Gov. Quinn Picks Jack Lavin As New Chief Of Staff
Illinois Governor Pat Quinn appointed a new chief of staff this week, turning to a figure with whom he has a long professional history.
Jack Lavin got the nod after serving for almost two years as the Chief Operating Officer of the state, a post at which he oversaw the disbursement of federal stimulus dollars and spearheaded the "Illinois Jobs Now!" capital construction program.
An administration press release also credits Lavin with leading the effort to keep Ford, Navistar and Chrysler in the state.
"Jack Lavin has helped my administration accomplish many of our top priorities and I have full confidence that he has the vision and ability to lead my office into a successful new term and will tackle the many serious issues facing our state," Quinn said in the release.
Lavin's history with Quinn goes back to the governor's days as state treasurer. Lavin served as a deputy treasurer under Quinn, working on improving the availability of the state's small-business loans.
The Chicago Tribune's coverage of the announcement ignores these details, instead opting for a guilt-by-association portrait of Lavin's ties to the previous administration. It leads by describing Lavin as "a longtime friend and former appointee of ex-Gov. Rod Blagojevich."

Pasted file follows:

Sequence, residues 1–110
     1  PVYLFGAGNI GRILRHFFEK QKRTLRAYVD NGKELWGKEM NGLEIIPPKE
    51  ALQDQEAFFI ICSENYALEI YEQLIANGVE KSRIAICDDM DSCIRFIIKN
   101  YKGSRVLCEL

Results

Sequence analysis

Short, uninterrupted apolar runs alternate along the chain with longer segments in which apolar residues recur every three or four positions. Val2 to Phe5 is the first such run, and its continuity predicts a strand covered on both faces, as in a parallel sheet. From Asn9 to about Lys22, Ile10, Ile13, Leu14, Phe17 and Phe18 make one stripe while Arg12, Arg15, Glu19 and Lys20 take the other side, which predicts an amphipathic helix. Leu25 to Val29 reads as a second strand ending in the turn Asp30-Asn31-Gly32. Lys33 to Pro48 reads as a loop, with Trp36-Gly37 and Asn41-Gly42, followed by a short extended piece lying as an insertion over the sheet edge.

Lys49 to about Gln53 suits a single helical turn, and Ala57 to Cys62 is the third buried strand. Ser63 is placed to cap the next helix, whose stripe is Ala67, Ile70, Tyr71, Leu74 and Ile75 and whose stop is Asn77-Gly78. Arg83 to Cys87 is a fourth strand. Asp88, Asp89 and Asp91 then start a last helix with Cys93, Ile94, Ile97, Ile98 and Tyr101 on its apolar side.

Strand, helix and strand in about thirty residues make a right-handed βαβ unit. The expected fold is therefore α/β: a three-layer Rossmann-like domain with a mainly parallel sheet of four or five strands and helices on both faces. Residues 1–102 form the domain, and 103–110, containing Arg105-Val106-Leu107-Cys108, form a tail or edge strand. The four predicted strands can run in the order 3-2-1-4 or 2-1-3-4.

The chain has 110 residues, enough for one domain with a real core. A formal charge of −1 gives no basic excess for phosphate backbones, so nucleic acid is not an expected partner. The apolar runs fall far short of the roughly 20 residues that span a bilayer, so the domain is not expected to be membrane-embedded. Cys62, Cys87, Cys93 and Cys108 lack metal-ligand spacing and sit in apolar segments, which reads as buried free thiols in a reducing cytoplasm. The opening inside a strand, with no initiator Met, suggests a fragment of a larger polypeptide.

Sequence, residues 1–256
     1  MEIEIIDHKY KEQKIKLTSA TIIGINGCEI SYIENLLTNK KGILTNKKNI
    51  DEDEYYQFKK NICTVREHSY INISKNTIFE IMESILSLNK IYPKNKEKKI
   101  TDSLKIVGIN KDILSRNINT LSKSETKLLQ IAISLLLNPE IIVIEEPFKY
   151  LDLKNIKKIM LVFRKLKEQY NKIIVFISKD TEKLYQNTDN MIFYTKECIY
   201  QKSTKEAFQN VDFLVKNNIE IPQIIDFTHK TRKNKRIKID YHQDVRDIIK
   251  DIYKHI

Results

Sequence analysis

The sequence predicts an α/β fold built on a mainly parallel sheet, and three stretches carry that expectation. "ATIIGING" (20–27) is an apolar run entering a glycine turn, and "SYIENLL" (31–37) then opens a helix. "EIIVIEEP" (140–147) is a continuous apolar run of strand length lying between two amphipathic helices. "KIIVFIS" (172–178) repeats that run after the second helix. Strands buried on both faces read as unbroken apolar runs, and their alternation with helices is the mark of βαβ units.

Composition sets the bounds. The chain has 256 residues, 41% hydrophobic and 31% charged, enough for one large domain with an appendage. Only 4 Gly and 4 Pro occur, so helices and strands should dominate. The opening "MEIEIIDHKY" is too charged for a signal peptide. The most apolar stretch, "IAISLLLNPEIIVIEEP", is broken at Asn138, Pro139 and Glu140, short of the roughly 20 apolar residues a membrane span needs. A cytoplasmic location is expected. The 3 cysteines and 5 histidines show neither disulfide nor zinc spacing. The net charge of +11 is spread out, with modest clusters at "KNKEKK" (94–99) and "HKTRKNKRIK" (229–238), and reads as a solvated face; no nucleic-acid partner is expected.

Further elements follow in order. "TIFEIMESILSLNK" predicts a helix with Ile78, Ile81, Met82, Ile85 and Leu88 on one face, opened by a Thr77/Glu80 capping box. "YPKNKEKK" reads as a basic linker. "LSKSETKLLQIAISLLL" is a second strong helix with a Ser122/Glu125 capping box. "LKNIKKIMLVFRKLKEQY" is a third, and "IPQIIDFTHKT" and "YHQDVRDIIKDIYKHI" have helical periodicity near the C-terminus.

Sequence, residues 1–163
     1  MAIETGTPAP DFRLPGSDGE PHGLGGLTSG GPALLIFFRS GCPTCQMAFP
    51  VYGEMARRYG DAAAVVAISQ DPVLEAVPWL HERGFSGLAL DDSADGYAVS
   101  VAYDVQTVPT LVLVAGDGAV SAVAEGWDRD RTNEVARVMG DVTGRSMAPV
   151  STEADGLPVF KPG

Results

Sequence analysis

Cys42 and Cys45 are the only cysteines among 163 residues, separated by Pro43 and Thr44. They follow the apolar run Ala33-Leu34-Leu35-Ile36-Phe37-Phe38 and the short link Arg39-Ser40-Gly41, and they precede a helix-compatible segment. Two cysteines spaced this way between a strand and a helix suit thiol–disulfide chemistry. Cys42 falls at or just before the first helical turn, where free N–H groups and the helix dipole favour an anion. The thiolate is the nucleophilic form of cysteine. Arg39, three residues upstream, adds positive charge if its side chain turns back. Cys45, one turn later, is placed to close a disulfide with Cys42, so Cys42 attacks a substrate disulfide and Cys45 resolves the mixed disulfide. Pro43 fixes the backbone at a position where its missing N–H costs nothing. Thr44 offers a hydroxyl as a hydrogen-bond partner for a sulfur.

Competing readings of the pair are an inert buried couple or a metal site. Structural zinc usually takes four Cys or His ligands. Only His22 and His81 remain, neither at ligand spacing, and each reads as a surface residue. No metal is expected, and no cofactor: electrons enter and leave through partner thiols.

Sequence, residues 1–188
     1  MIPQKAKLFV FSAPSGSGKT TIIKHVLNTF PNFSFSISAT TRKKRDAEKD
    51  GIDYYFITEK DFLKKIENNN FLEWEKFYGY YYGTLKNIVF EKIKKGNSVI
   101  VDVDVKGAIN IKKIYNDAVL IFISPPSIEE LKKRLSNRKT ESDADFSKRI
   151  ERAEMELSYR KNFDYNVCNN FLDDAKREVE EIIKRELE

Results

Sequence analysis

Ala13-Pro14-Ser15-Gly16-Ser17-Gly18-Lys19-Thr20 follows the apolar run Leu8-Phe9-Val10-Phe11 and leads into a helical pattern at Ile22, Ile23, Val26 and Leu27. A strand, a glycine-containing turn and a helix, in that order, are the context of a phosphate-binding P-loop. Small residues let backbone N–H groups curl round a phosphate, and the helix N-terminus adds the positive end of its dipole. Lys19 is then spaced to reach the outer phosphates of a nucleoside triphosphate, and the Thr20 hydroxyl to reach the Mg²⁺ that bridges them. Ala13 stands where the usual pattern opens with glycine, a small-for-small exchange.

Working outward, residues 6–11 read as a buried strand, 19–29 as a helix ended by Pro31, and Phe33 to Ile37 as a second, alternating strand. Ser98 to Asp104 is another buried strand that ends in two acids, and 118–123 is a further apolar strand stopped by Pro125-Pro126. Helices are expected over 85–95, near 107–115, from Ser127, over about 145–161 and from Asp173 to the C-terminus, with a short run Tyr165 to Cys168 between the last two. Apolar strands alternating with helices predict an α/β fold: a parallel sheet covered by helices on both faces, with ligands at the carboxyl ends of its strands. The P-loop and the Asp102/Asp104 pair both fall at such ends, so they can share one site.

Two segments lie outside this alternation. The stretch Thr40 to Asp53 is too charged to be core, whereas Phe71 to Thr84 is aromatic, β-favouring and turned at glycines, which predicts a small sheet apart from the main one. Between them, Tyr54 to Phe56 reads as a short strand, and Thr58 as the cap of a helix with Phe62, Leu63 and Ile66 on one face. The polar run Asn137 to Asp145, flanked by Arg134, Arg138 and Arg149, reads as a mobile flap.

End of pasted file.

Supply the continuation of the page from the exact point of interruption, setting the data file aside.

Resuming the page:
The story goes on:
Lavin served as Blagojevich's director of the Department of Commerce and Economic Opportunity after [convicted fundraiser Tony] Rezko recommended him for the post. Lavin once worked as the chief financial officer for Rezko's food-related business, and took more than $12,000 in donations from Rezko's firm while considering a run for elected office in 2001.
Republican gubernatorial candidate Bill Brady made similar allegations against Lavin during the 2010 campaign, but there has never been any evidence produced that Lavin was involved in anything remotely unsavory during his time in the Blagojevich administration.
Lavin replaces Michelle Saddler, who was appointed to a brief term in late August 2010. She had asked to return to her post as the Secretary of the Department of Human Services, and Quinn apparently complied.